The world’s biggest climate fund eyes more efficiency, private funding

Members of the Green Climate Fund (GCF) during an earlier meeting in Berlin. [EPA/RAINER JENSEN]

At a Green Climate Fund meeting on 6-8 July, the 24 board members waved goodbye to unanimity rule which critics said had hampered decision-making. However, they failed to streamline the accreditation for new programmes, leaving in place one of the major obstacles for the replenishment of the world’s biggest climate fund.

In the South Korean city of Songdo on Tuesday, the Green Climate Fund’s (GCF) board members stepped out of their negotiation room after a weekend-long debate on how to increase the fund’s efficiency in attracting much-needed investments into climate finance.

This round saw about $270 million being allocated to an additional 10 projects with the aim of boosting the transition to low-carbon economies worldwide. This means the GCF’s portfolio has now reached $5.23 billion, financing a total of 111 projects.

The next six months will be about replenishing the fund, as its $7 billion budget, pledged by the developed countries three years ago, is drying up.

EU leaders reaffirmed their commitment to replenishing the funds in the June Council’s conclusions, stating they want to scale up “the mobilisation of international climate finance from a wide variety of private and public sources and to working towards a timely, well-managed and successful replenishment process for the Green Climate Fund.”

Germany and Norway have already made promised to increase their contribution this year.

However, there is a big hole to be filled by donors if the fund wants to increase its portfolio, as both Australia and the US have announced plans not to pay their share to the fund.

UN Climate Fund to make funding green projects easier

The board of the UN Green Climate Fund is meeting from 6 to 8 July in Songdo, South Korea. The board is set on heralding a “paradigm shift” in climate financing and intends to accelerate the decision-making process to boost the fund’s replenishment. EURACTIV Germany reports.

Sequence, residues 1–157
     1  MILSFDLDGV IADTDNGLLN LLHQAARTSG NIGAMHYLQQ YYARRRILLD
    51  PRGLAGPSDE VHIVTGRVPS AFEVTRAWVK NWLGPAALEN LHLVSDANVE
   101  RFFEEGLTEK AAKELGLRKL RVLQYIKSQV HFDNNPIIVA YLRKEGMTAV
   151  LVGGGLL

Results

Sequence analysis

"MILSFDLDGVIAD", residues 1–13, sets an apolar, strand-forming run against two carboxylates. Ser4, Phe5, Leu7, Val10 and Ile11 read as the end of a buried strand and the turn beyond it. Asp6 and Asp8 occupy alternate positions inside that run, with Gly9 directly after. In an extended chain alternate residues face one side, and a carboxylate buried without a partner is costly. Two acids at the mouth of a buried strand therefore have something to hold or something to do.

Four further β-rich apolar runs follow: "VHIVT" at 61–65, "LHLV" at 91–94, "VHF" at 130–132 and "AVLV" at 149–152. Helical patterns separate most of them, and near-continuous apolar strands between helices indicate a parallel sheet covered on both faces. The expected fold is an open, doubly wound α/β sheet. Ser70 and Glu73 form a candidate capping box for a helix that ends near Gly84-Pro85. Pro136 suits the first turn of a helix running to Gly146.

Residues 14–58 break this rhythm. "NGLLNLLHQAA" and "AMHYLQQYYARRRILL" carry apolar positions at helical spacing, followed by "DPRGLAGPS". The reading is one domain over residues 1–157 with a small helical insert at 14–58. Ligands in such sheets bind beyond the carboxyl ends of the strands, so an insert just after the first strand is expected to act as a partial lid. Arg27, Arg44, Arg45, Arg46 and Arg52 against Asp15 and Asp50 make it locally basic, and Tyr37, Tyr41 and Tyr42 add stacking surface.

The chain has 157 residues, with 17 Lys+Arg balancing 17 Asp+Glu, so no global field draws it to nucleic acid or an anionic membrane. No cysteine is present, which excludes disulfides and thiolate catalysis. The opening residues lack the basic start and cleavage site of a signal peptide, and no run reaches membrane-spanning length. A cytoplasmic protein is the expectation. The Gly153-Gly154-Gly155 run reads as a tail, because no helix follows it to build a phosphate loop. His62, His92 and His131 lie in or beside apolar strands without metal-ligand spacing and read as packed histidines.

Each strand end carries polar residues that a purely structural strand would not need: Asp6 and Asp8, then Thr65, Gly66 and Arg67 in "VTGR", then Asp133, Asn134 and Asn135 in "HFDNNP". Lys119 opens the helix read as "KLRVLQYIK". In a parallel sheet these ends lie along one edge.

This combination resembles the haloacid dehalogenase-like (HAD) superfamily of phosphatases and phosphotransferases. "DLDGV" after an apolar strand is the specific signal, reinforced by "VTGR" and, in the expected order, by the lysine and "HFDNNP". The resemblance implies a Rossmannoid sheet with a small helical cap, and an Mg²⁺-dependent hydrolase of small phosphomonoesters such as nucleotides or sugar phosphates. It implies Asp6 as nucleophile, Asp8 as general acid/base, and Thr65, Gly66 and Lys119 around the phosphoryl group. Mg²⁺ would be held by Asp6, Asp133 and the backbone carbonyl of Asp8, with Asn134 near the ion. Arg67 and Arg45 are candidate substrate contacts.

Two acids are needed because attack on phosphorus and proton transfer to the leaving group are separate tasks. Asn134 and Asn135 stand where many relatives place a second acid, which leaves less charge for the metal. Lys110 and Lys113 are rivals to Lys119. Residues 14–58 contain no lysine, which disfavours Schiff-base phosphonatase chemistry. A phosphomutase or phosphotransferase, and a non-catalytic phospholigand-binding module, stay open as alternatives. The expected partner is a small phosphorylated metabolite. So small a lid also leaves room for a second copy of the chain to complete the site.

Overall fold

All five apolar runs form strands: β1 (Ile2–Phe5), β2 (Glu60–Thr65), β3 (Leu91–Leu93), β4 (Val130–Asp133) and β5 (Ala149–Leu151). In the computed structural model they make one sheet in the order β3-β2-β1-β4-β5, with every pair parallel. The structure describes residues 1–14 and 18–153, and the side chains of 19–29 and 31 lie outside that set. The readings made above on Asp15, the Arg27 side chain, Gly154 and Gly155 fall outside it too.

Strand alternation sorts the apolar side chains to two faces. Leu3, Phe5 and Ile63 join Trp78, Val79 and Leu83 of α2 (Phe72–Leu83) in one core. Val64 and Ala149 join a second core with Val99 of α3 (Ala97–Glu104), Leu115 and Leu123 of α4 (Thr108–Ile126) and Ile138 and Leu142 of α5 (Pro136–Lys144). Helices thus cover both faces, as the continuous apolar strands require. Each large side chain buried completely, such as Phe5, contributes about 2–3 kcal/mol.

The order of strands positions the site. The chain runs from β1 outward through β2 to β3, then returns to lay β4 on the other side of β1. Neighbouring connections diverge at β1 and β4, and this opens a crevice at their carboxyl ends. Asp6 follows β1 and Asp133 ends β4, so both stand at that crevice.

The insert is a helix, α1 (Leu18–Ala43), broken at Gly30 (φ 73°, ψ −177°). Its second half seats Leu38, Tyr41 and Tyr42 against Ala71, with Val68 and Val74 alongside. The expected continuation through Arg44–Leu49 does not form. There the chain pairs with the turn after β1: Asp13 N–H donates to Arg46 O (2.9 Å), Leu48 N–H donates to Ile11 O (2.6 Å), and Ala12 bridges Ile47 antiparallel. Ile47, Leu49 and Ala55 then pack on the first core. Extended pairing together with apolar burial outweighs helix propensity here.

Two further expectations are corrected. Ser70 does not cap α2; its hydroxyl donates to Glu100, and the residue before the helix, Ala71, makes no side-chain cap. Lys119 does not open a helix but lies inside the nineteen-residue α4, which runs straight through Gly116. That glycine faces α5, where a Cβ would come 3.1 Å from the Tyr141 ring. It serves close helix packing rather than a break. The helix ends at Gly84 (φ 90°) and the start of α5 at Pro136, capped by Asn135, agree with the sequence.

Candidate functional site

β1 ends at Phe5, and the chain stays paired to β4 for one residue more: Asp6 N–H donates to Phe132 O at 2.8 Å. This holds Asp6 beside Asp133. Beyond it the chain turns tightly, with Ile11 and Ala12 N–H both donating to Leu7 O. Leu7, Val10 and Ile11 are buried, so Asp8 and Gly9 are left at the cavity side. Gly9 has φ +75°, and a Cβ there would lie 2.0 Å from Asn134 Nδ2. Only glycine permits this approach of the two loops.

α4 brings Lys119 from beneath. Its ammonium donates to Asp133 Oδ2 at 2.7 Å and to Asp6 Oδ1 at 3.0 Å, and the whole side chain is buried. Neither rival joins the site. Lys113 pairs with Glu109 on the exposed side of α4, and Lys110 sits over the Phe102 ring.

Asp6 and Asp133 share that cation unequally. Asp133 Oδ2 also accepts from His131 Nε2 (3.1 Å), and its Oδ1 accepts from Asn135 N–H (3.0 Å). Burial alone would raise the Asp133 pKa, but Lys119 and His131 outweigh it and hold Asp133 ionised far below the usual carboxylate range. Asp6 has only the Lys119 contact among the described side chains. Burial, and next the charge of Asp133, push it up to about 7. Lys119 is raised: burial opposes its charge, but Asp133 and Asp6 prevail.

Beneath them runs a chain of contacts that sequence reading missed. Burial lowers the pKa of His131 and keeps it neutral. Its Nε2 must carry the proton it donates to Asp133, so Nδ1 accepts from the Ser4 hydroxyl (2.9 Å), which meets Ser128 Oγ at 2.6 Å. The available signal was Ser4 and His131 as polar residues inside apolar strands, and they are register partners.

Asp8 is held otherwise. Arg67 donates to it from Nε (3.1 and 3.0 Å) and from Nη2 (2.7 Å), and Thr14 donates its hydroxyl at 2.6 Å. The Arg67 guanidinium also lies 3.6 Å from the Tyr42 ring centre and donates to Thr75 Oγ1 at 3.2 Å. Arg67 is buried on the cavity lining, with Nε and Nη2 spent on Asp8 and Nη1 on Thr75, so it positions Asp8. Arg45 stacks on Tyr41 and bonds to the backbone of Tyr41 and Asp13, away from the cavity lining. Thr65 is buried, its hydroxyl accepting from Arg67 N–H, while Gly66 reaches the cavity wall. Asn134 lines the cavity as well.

“It can’t take 2 years to approve a project”

To still be able to reach its ambitious targets of increasing the fund’s financial weight, board members want to get the private sector on board. But to do so, some major bureaucratic hurdles need to be dismantled: That was one of the main points of negotiation of the meeting in Songdo.

“For the private sector, the decision-making processes of the GCF take way too long to be attractive,” Alexandra Tracy of the Climate Markets and Investment Association (CMIA) told EURACTIV on the sidelines of the GCF meeting.

For example, one of the approved ten projects – a pumped hydro storage plant that prides itself on innovating Chile’s energy sector – is the first to come out of a request for proposal (RFP) framework launched in August 2017.

While the approval of the $60 million worth project was a very positive sign towards the inclusion of the private sector, the process of accepting it has been too long, said Tracy. “The fund has not done a very good job in working with the private sector,” she added.

One of the reasons is that until now, all decisions within the GCF had to be taken unanimously by its board members. That will now change. At their meeting, members agreed to toss the principle of consensus overboard.

“This fundamentally shapes the way the fund works. Critical decisions will now be able to be adopted much more quickly,” a fund official said.

Europe wants to replenish UN Green Climate Fund

European member states want to commit to increasing international climate financing to a new level. They want to replenish the UN’s Green Climate Fund, according to a draft of a European Council statement, which is to be adopted at the EU summit next week. EURACTIV Germany was able to see the declaration in advance.

Streamlining accreditation process failed

Another measure to speed up the decision-making was less successful. Initially, a reform to streamline the accreditation processes was on the board meeting’s agenda but was not approved.

But despite this setback, the overall signal of the meeting remained positive, summarized Pradeep Kurukulasuriya, executive director at UNDP’s Global Environmental Finance.

“There is much to celebrate in this announcement by the GCF board. This funding will support the respective countries to realise their priorities, set out under their Sustainable Development Goals and Nationally Determined Contributions,” he said.

Tracy said there had been a lot of good energy under the new executive director Yannick Glemarec and his aim to encourage more private sector proposals from now on.

This will also include broadening the topics the board is funding. Currently, its focus is on energy projects, while investments in the area of transport, as well as clean city development, are not targeted by many projects approved under the GCF.

The next milestone for global climate finance will be the UN summit in New York in September, followed by further consolidations with donor countries in mid-October and the next board meeting in November. By then it will be clear if the GCF is successful in efforts replenish its funds.

[Edited by Zoran Radosavljevic]

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